There are two things to watch out for here.
First, you have to be showing both hidden and system files to see the contents of
$Recycle.Bin. Open your Folder Options dialog and switch to the View tab. Select Show hidden files, folders, and drives and uncheck Hide protected operating system files.
Then, you'll be able to see the subfolders of
$Recycle.Bin in Explorer. The only subfolder you'll be able to access is the one corresponding to the user you're authenticated as; that folder will show up as Recycle Bin with a recycle bin icon. (The others show up as SIDs.) But when you open your subfolder, you'll see the contents of the Recycle Bin of the machine you're browsing from. That's because the
desktop.ini in that folder sets a special shell folder view for it, and Explorer thinks it should display the current user's Recycle Bin contents from the current machine.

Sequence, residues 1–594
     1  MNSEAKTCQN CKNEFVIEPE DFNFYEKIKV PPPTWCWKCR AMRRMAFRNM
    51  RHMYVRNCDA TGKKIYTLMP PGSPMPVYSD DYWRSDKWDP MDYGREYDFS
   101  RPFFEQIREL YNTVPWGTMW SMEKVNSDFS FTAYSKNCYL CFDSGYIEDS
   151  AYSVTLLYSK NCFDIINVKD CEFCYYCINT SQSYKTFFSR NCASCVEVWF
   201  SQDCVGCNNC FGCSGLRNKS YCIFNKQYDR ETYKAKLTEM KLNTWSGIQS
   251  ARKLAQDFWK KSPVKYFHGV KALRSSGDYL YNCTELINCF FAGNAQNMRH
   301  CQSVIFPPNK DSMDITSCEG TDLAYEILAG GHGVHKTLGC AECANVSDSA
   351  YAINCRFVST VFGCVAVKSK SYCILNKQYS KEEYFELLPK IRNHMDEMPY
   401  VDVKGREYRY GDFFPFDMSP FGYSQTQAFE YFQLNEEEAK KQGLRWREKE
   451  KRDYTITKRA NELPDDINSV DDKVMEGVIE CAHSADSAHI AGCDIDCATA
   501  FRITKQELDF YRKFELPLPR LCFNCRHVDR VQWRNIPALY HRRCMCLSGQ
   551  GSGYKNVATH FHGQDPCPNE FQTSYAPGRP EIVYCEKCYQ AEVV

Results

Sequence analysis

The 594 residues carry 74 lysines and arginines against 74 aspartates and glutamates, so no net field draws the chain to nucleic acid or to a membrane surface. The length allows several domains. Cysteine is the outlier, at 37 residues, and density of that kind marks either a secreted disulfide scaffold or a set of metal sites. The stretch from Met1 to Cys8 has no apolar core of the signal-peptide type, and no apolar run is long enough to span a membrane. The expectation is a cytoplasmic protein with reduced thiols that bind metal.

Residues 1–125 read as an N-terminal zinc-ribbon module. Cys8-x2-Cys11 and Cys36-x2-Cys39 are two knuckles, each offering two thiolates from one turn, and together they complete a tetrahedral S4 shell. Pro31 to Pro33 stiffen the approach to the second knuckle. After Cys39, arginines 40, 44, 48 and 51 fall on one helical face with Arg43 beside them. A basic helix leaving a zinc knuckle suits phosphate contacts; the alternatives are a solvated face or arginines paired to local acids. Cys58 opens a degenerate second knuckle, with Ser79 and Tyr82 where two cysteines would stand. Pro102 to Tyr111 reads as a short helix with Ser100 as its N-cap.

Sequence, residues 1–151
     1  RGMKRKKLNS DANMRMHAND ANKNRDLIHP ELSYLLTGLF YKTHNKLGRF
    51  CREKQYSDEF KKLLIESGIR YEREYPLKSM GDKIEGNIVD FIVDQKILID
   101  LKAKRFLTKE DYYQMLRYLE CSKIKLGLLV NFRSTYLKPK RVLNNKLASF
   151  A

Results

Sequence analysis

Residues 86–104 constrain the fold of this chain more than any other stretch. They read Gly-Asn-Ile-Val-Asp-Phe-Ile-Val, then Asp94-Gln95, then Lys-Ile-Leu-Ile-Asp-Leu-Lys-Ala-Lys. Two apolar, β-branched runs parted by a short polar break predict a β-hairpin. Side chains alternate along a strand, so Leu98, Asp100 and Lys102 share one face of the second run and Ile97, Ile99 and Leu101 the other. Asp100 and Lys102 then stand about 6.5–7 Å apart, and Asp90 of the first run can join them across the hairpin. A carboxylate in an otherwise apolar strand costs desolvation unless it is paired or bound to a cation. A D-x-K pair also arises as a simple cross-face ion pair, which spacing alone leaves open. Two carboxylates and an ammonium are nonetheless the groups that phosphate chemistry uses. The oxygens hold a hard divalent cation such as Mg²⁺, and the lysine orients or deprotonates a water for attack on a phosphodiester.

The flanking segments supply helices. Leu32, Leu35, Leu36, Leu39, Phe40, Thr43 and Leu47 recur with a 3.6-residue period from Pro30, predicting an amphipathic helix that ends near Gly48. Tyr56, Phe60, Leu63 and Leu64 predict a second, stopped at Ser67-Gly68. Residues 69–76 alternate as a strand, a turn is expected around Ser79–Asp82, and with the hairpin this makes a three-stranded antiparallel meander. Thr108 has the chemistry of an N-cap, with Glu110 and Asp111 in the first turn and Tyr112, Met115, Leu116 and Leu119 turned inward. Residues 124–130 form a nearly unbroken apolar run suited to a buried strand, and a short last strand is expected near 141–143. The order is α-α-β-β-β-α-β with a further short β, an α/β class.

You could use the command prompt to poke around that folder. If you really want to use Explorer, you need to make it so the Explorer you're browsing from can't process
desktop.ini. On the machine that owns the Recycle Bin in question, use a command prompt to navigate to the subfolder your user owns. Use trial-and-error to get the right one (
dir /a and tab completion will help here) or look up your SID with
whoami /all. Once you're in, run this command to block only network access to
icacls desktop.ini /deny NETWORK:F
You'll then be able to browse that folder over the network like any other, and local use of the Recycle Bin will be unaffected. Unfortunately, the file names will be garbled because of how the Recycle Bin stores things. You'll see the folder contents as they really are on-disk.
If you want to undo that
icacls change, use this:
icacls desktop.ini /remove NETWORK